States, the latter of which joined after the U.S. Senateratified the treaty by a 82–1 vote, represented the strongest Western
Because of the 1954 Geneva Conference settling the First Indochina War (1946–1954), South Vietnam, Cambodia, and
Laos were not SEATO members. They were, however, granted military protection, though Cambodia rejected the
protection in 1956. Canada considered joining, but decided against it in order to concentrate on its NATO responsibilities.
Military aspects
After its creation, SEATO quickly became insignificant militarily, as most of its member nations contributed very little to
the alliance. While SEATO military forces held joint military training, they were never employed because of internal
disagreements. SEATO was unable to intervene in conflicts in Laos because France and Britain rejected use of military
action. As a result, the U.S. provided unilateral support for Laos after 1962. Though sought by the U.S., involvement of
SEATO in the Vietnam War was denied because of lack of British and French cooperation.
Both the United States and Australia cited the alliance as justification for involvement in Vietnam. American membership
in SEATO provided the United States with a rationale for a large-scale U.S. military intervention in Southeast Asia. Other
countries, such as Great Britain and key nations in Asia, accepted the rationale. The Sabres began to play a role in the
Vietnam War in 1965, when their air defence responsibilities expanded to include protection of USAF aircraft using Ubon
as a base for strikes against North Vietnam.
Cultural effects
In addition to joint military training, SEATO member states worked on improving mutual social and economic
issues. Such activities were overseen by SEATO's Committee of Information, Culture, Education, and Labor Activities,
and proved to be some of SEATO's greatest successes. In 1959, SEATO's first Secretary General, Pote Sarasin, created
the SEATO Graduate School of Engineering (currently the Asian Institute of Technology) in Thailand to train
engineers. SEATO also sponsored the creation of the Teacher Development Center in Bangkok, as well as the Thai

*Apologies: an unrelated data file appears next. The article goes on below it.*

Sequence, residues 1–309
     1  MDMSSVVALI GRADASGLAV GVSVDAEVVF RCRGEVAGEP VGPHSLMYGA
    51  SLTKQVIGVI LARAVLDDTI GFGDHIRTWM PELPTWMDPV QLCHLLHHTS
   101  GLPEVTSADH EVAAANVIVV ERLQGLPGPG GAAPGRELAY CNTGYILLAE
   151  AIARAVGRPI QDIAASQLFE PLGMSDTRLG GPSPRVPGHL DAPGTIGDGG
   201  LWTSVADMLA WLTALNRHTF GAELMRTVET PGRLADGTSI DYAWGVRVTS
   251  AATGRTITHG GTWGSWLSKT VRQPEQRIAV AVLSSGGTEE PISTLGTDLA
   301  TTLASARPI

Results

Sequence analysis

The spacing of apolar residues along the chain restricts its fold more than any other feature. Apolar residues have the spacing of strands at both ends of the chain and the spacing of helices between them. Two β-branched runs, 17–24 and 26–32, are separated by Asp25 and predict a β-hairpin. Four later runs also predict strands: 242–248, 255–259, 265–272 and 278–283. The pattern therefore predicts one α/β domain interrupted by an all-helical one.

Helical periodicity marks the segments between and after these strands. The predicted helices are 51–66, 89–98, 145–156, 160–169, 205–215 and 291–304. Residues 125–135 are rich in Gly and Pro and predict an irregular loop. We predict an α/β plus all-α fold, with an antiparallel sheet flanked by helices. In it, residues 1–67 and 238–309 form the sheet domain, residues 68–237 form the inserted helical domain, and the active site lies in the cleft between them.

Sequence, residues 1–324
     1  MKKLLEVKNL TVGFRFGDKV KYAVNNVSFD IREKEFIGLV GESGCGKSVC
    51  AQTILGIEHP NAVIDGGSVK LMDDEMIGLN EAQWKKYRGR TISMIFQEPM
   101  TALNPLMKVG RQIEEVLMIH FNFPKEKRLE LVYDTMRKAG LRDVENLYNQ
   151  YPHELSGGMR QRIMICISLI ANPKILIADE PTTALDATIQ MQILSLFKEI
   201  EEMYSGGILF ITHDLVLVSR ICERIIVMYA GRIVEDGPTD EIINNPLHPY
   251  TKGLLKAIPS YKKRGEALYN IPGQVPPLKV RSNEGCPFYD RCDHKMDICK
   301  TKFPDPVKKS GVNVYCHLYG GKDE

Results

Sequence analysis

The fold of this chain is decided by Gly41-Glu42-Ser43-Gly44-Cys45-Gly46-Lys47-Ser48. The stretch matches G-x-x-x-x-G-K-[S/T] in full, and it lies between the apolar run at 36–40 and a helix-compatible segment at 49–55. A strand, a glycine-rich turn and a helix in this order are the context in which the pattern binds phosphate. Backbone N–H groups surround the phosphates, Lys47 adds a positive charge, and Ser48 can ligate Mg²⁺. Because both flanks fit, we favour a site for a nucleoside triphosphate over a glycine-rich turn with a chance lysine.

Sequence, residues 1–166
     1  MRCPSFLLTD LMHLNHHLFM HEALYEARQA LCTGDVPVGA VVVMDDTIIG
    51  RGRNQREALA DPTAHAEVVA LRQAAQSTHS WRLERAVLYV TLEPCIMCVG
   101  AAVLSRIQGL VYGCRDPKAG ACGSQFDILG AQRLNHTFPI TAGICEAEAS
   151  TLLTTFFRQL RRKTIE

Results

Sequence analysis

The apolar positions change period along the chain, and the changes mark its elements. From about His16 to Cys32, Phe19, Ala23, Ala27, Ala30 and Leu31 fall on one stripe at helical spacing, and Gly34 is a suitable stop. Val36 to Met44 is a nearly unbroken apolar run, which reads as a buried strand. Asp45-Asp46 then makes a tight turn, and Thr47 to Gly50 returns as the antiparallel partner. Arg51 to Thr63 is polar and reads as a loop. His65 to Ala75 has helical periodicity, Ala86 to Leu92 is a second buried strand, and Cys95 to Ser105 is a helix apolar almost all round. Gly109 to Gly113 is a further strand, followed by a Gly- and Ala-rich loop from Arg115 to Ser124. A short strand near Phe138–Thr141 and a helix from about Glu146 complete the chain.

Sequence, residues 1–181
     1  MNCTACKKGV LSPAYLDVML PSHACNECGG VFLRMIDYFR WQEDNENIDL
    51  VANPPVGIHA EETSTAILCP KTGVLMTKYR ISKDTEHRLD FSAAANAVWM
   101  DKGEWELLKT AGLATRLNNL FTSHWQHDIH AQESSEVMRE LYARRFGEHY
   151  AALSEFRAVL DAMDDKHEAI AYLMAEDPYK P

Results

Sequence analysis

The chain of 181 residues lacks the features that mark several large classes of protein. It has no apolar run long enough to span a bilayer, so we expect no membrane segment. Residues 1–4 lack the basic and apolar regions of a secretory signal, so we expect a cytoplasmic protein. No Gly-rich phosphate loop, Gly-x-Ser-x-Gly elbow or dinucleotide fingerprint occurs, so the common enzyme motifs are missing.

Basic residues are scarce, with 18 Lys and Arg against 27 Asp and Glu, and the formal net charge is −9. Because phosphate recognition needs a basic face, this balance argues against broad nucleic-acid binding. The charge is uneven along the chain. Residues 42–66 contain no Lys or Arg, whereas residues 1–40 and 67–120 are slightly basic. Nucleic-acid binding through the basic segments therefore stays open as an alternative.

Military Technical Training School, which offered technical programs for supervisors and workmen. SEATO's Skilled
Labor Project (SLP) created artisan training facilities, especially in Thailand, where ninety-one training workshops were
SEATO also provided research funding and grants in agriculture and medical fields. In 1959, SEATO set up the Cholera
Research Laboratory in Bangkok, later establishing a second Cholera Research Laboratory in Dhaka, Bangladesh. The
Dhaka laboratory soon became the world's leading cholera research facility and was later renamed the International Centre
for Diarrhoeal Disease Research, Bangladesh. SEATO was also interested in literature, and a SEATO Literature Award
was created and given to writers from member states.
Criticism and dissolution
Though Secretary of State Dulles considered SEATO an essential element in American foreign policy in Asia, historians
have considered the Manila Pact a failure and the pact is rarely mentioned in history books. [2] In The Geneva Conference
of 1954 on Indochina, Sir James Cable, a diplomat and naval strategist, described SEATO as "a fig leaf for the nakedness
of American policy", citing the Manila Pact as a "zoo of paper tigers".
Consequently, questions of dissolving the organization arose. Pakistan withdrew in 1972 after the Bangladesh Liberation
War of 1971, in which East Pakistan successfully seceded with the aid of India. France withdrew financial support in
1975. After a final exercise on 20 February 1976, the organization was formally dissolved on 30 June 1977.